Trapping deer can indeed occur accidentally. Very few people actually attempt to catch deer because in just about every instance, to attempt to catch, capture, or even posses a wild white-tailed deer requires some sort of state permit. However, more whitetails are captured in some sort of trap than we probably realize. However, I imagine and hope most are not fatal.
Typically, deer are captured as non-target species while hunters and trappers attempt to catch feral hogs or control predators such a coyotes. The white-tailed buck pictured here was inadvertantly trapped in a hog trap. The use of regular whole-kernal corn in hog traps is very effective at catching deer, so the necessary steps should be taken when using hog traps to avoid capturing deer.
Several precautions one can take when trapping hogs is to use soured corn, milo, rice, or other grain. The sour smell is attractive to wild hogs, but whitetail deer will avoid the smell and trap altogether. Deer do not like soured grains or acorns.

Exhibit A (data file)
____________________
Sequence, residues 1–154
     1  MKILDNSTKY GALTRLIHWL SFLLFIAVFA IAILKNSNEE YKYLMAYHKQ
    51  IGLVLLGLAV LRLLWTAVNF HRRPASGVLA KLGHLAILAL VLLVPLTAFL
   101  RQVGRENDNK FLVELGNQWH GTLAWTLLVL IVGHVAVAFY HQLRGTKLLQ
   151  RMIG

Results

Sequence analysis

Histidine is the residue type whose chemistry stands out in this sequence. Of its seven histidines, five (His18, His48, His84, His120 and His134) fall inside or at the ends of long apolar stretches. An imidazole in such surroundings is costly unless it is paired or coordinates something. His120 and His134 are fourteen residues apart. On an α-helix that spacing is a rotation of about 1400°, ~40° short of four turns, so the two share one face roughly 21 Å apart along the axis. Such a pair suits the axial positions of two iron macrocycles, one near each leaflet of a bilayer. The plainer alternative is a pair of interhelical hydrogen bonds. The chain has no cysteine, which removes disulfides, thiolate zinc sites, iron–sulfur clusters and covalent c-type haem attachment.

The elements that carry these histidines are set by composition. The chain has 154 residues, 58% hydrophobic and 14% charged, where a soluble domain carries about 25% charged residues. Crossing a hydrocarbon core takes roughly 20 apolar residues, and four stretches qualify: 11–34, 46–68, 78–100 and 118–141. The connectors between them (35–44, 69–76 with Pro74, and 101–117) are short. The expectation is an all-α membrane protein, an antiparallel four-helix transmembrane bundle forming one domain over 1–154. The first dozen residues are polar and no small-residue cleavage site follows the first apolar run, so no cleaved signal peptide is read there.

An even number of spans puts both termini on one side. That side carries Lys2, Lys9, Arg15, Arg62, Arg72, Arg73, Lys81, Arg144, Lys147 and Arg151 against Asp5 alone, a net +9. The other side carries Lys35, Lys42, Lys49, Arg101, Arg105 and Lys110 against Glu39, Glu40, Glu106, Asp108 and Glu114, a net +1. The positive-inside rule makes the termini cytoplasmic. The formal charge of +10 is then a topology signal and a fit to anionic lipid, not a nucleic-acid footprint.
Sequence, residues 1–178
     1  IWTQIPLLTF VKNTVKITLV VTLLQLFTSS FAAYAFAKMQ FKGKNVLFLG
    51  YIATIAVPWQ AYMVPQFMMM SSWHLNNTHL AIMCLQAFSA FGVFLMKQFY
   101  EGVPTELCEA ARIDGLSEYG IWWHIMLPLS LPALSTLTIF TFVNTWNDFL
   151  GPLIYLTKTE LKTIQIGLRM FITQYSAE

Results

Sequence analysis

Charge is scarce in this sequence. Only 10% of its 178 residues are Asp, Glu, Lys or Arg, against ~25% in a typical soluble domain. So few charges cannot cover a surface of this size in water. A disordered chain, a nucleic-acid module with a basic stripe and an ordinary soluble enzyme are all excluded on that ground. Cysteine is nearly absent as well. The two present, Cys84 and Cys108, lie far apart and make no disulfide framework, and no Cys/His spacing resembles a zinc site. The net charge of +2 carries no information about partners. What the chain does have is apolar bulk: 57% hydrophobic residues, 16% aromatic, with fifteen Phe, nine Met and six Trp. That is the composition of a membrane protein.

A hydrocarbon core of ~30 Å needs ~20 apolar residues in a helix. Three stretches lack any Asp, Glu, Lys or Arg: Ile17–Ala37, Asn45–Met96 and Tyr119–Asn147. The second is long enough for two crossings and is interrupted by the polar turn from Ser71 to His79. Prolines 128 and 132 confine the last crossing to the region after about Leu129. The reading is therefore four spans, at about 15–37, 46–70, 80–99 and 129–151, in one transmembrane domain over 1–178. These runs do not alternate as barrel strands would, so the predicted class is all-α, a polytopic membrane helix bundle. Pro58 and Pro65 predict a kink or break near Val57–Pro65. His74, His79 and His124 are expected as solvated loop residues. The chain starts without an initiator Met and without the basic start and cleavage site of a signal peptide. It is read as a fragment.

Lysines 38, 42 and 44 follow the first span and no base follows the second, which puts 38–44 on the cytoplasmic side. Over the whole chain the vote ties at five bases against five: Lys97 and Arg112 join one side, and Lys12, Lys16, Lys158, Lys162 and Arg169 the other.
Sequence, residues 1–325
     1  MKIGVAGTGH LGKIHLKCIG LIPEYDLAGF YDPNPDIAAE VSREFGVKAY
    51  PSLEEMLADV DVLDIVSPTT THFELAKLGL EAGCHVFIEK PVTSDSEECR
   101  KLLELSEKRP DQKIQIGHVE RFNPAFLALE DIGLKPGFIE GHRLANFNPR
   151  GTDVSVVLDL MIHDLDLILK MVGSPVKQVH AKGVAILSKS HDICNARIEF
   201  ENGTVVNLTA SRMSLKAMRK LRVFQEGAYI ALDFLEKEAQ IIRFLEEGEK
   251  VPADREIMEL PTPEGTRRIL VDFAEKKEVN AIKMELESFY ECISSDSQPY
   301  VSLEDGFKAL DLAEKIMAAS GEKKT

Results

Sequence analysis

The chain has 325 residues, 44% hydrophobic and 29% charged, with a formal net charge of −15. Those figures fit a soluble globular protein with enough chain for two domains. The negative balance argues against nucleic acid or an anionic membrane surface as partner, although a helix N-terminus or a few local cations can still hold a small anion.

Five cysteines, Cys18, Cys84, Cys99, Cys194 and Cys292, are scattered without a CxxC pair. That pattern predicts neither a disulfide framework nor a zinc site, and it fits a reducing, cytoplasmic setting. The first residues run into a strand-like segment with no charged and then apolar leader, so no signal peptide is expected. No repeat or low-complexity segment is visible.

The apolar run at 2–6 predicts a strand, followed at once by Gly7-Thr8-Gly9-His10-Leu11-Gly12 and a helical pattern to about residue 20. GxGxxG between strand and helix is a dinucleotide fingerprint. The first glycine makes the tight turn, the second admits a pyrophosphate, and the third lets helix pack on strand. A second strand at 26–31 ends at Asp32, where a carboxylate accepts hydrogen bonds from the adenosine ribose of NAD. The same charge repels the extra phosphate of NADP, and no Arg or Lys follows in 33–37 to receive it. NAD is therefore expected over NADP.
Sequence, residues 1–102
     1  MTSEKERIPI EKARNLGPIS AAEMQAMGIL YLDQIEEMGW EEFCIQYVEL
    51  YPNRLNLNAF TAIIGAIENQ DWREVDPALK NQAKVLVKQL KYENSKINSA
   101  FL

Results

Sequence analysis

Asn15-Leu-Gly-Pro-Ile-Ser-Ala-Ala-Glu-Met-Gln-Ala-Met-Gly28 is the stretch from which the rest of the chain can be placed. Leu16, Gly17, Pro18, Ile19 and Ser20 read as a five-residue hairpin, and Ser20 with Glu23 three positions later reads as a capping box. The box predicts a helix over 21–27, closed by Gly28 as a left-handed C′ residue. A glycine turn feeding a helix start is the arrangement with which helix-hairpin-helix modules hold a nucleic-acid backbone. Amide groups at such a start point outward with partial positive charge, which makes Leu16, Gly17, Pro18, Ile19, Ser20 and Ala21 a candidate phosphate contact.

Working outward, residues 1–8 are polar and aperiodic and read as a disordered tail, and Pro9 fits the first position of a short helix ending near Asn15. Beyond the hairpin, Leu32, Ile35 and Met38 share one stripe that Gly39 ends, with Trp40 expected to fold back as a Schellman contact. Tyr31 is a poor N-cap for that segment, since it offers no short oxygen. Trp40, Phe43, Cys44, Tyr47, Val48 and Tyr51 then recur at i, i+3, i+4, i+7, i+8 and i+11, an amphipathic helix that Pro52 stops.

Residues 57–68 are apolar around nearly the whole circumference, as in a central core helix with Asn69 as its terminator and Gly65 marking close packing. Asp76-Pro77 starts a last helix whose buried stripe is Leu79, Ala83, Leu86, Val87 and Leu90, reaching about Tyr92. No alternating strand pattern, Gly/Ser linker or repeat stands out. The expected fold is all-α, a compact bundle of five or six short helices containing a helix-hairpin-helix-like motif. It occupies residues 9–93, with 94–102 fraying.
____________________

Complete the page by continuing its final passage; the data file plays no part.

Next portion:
Make sure the doorway or entry to traps are built such that deer are discouraged from entering. Otherwise, make traps such as this with open tops so that “trapped” deer can escape by jumping out.
Another way deer can be wrongly captured is with the use of snares. Many people will use snares in an attempt to captured wild dogs or coyotes, but deer will sometimes use the same trails and fence crossings as these animals. Take caution when setting out snares because deer and other non-target species could end up in them. It would be a shame to take the biggest buck you ever layed eyes on in a snare!
If you do happen to catch a deer in a trap, the best way to get it out is to wait until dark and approach with a flashlight. Blind the deer with the light, open the door, and get the heck out of the way!